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Imgur has a community. Tons of users that goes directly there to see funny images and GIFs.

Yes, Google can create a infinite scalable image hosting overnight, but creating a community is a lot harder.




Imageshack was in the same position 5 years ago. And Photobucket 3 years before that. Image hosts go through a cycle of upending the tyrant and then becoming the villain.


Ugh. Don’t remind me. I used yfrog (Imageshack’s Twitter-friendly brand) for years, and now I have probably hundreds of old tweets with missing images.

◔̯◔


does anyone remember pbase.com for free photo gallery hosting, in around 2002? apparently it still exists with its same basic but functional UI.


From their FAQ:

Is PBase free?

    No.


it used to be, a long time ago


Free ones at least.


Creating communities is hard, but Google wants a unified 'Google' community, not multiple disparate ones -- just look at how they handled YouTube.

Even if you throw in some machine learning to figure out if the user's looking at memes or gifs or porn, I can't imagine the marginal value of that data being of use to Google. It's essentially unmonetizable, which is why most image hosts disappear after a few years.

Imgur was successful in avoiding that fate by pivoting to a community, but that community would be of no use to someone like Google.


Especially as Imgur is already giving Google that information for free (from the Imgur source):

    <script type="text/javascript">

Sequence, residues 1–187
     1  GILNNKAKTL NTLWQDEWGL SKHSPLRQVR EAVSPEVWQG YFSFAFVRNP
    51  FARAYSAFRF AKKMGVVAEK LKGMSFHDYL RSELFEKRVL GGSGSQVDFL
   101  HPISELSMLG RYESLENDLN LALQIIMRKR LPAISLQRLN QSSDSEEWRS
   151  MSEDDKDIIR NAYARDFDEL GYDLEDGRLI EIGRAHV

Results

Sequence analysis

Imgur.Util.getGoogleTracker();
        __ga('send', 'pageview');
    </script>


What makes you think this is free?


And why would Google purchase a forum site for sharing funny images and GIFs?


Why would they purchase a forum site for sharing funny cat videos?


A guess: (and note they kept youtube a wholly owned subsidiary I think) they desperately had to make sure the Viacom lawsuit defense was well funded and aggressively defended or it would severely damage Google's business.

Also, google has now had success building photo sites / photo products, but at the time of the youtube purchase, hadn't had much success building a video product.

https://en.wikipedia.org/wiki/Viacom_International_Inc._v._Y....


Because it's a monopoly. Come back when Imgur becomes the only (or one of very few) place on the web to share funny images and Gifs. Farewell.


Are you trying to imply that Youtube is a monopoly? Aren't there others like vimeo, etc.? Besides, there is nothing from technology perspective to make it a monopoly. All you need is a server rack and a bunch of web developers who can build such a site, right?


Well, there's also massive scaling, which the average web developer isn't experienced with. Then there's creating a consistent experience across various devices and browsers.

So, sure, anyway halfway competent developer could bang out a YouTube (or Facebook, etc) prototype in a few weeks, but going from there to a reliable, usable service at scale is something else altogether.

You're going to need some project managers, SREs, sysadmins, front and back end web developers, programmers who know about video encoding, content experts, lawyers, etc...


Youtube is a monopoly in a way Google is a monopoly. Just like how there's Bing and DuckDuckGo but most people use Google, most people use Youtube although some do use sites like vimeo. If you think it's so easy to build a site that competes with Google or Youtube you should go ahead and build one and overtake them. After all, nowadays everything is open sourced, you can even build your own search engine from scratch overnight.


>Youtube is a monopoly in a way Google is a monopoly.

So not at all unless you change what having a monopoly is.




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